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Prolonged antigen presentation is required for optimal CD8+ T cell responses against malaria liver stage parasites.

Cockburn IA, Chen YC, Overstreet MG, Lees JR, van Rooijen N, Farber DL, Zavala F - PLoS Pathog. (2010)

Bottom Line: Firstly, reducing the time primed CD8+ T cells were exposed to antigen in vivo severely reduced the final size of the developing memory population.Secondly, fully developed memory cells expanded in previously immunized mice but not when transferred to naïve animals.Finally, persisting antigen was able to prime naïve cells, including recent thymic emigrants, to become functional effector cells capable of eliminating parasites in the liver.

View Article: PubMed Central - PubMed

Affiliation: Johns Hopkins Malaria Research Institute and Department of Molecular Microbiology and Immunology, Bloomberg School of Public Health, Baltimore, Maryland, USA.

ABSTRACT
Immunization with irradiated sporozoites is currently the most effective vaccination strategy against liver stages of malaria parasites, yet the mechanisms underpinning the success of this approach are unknown. Here we show that the complete development of protective CD8+ T cell responses requires prolonged antigen presentation. Using TCR transgenic cells specific for the malaria circumsporozoite protein, a leading vaccine candidate, we found that sporozoite antigen persists for over 8 weeks after immunization--a remarkable finding since irradiated sporozoites are incapable of replication and do not differentiate beyond early liver stages. Persisting antigen was detected in lymphoid organs and depends on the presence of CD11c+ cells. Prolonged antigen presentation enhanced the magnitude of the CD8+ T cell response in a number of ways. Firstly, reducing the time primed CD8+ T cells were exposed to antigen in vivo severely reduced the final size of the developing memory population. Secondly, fully developed memory cells expanded in previously immunized mice but not when transferred to naïve animals. Finally, persisting antigen was able to prime naïve cells, including recent thymic emigrants, to become functional effector cells capable of eliminating parasites in the liver. Together these data show that the optimal development of protective CD8+ T cell immunity against malaria liver stages is dependent upon the prolonged presentation of sporozoite-derived antigen.

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Duration of antigen presentation, and antigen persistence after mosquito biting.A. Mice were immunized with 5×104 irradiated sporozoites i.v. and 14 days later 2×103–2×106 CFSE labeled transgenic cells were transferred to the mice and to unimmunized controls. Ten days later transgenic cells were enriched from the spleen and their CFSE profile determined by FACs. Representative plots from one of three mice per group are shown. Values given are the total number of divided transgenic (CD8+ Thy1.1+ CFSElo) cells isolated from the spleen and in parentheses the % of total recovered transgenic cells that have divided (data representative of numerous similar experiments). B. Mice were immunized as in A. and 1×104 transgenic cells were transferred to mice at different time points after immunization. Ten days after transfer the cells were recovered and the number of divided transgenic cells recovered was determined (n = 3, mean ± SE; data representative of two similar experiments). C. Three mice were bitten by 8–10 infected P. yoelii infected mosquitoes. Fourteen days later 1×104 transgenic cells were transferred to the mice and 10 days later the number of divided transgenic cells was determined. Bars represent values for individual mice; data shown from two independent experiments (i and ii).
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ppat-1000877-g002: Duration of antigen presentation, and antigen persistence after mosquito biting.A. Mice were immunized with 5×104 irradiated sporozoites i.v. and 14 days later 2×103–2×106 CFSE labeled transgenic cells were transferred to the mice and to unimmunized controls. Ten days later transgenic cells were enriched from the spleen and their CFSE profile determined by FACs. Representative plots from one of three mice per group are shown. Values given are the total number of divided transgenic (CD8+ Thy1.1+ CFSElo) cells isolated from the spleen and in parentheses the % of total recovered transgenic cells that have divided (data representative of numerous similar experiments). B. Mice were immunized as in A. and 1×104 transgenic cells were transferred to mice at different time points after immunization. Ten days after transfer the cells were recovered and the number of divided transgenic cells recovered was determined (n = 3, mean ± SE; data representative of two similar experiments). C. Three mice were bitten by 8–10 infected P. yoelii infected mosquitoes. Fourteen days later 1×104 transgenic cells were transferred to the mice and 10 days later the number of divided transgenic cells was determined. Bars represent values for individual mice; data shown from two independent experiments (i and ii).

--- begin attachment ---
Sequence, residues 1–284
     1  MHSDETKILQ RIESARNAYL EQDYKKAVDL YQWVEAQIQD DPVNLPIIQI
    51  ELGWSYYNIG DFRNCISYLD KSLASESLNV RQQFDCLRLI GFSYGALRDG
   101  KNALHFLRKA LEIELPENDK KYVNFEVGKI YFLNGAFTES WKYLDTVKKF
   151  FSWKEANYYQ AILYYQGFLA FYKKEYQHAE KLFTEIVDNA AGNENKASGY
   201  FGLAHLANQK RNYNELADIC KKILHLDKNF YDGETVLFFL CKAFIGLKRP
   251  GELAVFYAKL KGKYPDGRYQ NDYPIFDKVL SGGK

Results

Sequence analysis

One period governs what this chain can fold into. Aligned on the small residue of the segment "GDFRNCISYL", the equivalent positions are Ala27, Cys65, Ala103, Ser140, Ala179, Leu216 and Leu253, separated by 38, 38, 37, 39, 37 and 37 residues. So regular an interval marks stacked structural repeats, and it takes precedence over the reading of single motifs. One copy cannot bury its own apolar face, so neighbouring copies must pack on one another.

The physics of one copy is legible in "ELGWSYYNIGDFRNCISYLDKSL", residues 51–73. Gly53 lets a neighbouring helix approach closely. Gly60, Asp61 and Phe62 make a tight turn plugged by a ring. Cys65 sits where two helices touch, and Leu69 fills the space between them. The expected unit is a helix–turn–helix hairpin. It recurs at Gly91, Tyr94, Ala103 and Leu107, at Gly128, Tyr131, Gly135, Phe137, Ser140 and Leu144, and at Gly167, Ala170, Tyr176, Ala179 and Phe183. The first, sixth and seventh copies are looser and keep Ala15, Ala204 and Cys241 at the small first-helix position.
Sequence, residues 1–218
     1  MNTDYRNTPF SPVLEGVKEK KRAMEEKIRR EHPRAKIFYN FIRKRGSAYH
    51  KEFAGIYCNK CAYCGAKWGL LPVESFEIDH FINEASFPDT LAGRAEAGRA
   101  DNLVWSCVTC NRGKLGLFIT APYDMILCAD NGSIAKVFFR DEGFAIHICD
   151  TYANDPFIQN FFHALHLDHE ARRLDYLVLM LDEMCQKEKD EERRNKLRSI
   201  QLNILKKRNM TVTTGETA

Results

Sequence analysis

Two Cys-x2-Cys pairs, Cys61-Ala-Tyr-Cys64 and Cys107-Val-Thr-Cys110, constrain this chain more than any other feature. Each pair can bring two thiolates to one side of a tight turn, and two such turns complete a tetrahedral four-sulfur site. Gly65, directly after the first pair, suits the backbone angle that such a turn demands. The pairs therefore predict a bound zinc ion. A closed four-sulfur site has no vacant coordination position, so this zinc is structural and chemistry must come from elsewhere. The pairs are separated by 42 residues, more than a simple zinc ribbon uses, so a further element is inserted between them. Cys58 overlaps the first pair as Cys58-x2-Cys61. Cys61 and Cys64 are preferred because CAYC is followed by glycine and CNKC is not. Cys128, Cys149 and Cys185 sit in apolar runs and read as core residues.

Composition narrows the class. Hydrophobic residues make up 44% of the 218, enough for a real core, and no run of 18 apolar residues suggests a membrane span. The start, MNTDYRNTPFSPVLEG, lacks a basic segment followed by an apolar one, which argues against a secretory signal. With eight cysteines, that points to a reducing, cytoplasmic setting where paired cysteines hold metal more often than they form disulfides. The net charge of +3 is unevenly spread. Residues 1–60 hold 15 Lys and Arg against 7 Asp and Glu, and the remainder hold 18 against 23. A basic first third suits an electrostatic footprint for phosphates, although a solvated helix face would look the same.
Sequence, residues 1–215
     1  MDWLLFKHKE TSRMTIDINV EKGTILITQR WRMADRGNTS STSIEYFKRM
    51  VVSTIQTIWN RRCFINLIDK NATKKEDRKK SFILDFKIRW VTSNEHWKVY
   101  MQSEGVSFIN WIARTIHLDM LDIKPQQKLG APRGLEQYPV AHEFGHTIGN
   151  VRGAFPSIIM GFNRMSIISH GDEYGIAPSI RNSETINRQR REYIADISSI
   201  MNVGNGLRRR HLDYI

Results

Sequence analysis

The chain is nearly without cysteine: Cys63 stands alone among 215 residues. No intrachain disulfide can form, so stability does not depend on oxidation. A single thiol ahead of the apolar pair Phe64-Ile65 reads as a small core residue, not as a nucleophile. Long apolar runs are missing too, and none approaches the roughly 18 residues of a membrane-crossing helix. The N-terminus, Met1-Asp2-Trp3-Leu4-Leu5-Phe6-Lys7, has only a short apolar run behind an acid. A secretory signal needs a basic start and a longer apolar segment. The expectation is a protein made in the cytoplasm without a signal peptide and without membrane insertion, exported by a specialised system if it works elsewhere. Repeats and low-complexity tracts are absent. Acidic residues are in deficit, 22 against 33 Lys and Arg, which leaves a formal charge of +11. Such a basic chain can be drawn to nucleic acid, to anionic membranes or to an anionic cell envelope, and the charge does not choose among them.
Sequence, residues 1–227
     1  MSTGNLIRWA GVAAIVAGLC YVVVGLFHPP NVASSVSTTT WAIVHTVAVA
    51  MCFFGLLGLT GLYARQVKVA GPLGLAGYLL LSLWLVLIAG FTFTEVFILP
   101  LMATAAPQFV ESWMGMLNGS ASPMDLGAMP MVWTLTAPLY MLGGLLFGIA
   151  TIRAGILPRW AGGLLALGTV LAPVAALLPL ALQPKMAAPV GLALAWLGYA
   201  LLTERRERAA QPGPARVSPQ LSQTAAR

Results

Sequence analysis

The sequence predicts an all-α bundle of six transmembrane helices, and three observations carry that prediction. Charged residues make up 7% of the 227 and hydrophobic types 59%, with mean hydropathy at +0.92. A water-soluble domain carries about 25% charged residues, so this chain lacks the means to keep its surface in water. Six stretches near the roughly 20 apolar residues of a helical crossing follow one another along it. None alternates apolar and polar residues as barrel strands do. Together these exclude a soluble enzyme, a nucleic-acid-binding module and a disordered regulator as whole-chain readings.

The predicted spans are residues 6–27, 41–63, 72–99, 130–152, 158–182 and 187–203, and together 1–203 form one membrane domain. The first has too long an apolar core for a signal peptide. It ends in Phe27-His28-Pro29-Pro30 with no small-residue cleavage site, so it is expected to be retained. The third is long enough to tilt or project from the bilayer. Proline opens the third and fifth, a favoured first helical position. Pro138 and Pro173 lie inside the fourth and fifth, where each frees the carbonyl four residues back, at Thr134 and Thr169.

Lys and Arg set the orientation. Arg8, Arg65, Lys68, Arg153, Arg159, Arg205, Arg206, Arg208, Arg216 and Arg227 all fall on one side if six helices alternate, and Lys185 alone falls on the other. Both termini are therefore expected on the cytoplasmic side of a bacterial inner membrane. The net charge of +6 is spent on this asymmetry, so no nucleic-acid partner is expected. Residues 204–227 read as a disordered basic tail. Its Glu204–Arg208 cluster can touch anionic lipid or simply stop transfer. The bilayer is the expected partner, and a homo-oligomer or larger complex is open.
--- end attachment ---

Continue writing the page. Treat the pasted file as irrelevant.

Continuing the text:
Mentions: In the previous experiment, the proliferation of transgenic cells, transferred weeks after initial immunization, suggested the presence of persisting antigen. However, since T cell proliferation was limited we initially hypothesized that the amount of antigen that persists may be small and the phenomenon of marginal significance. Alternatively, we reasoned that the transfer of high numbers of transgenic cells might be inhibiting a more robust proliferative response that might be seen with more physiological numbers of cells [21]. Accordingly, we titrated different numbers of labeled transgenic cells into previously immunized mice and later isolated the transgenic cells from the spleen by magnetic bead separation to determine the degree of proliferation in the antigen specific cell population (Figure S2). Strikingly the extent of transgenic cell proliferation substantially increased if fewer precursor cells were used (Figure 2A): in mice that received 2×106 cells only ∼50% of the recovered cells had proliferated - most of them fewer than 6 times; however, in mice that received more physiological numbers of transgenic cells essentially all the transgenic cells had divided and diluted out the CFSE label completely. Similarly to earlier experiments, P. berghei immunization did not induce transgenic cell proliferation even if low numbers of cells were transferred (Figure S1B). In subsequent experiments where we wished to analyze the differentiation of cells primed by persisting antigen, a low number of cells (2×103) was transferred; where we were concerned with detecting only the presence or absence of persisting antigen higher numbers of cells were used (1×104–2×105) which removed the need for technically challenging T cell purification.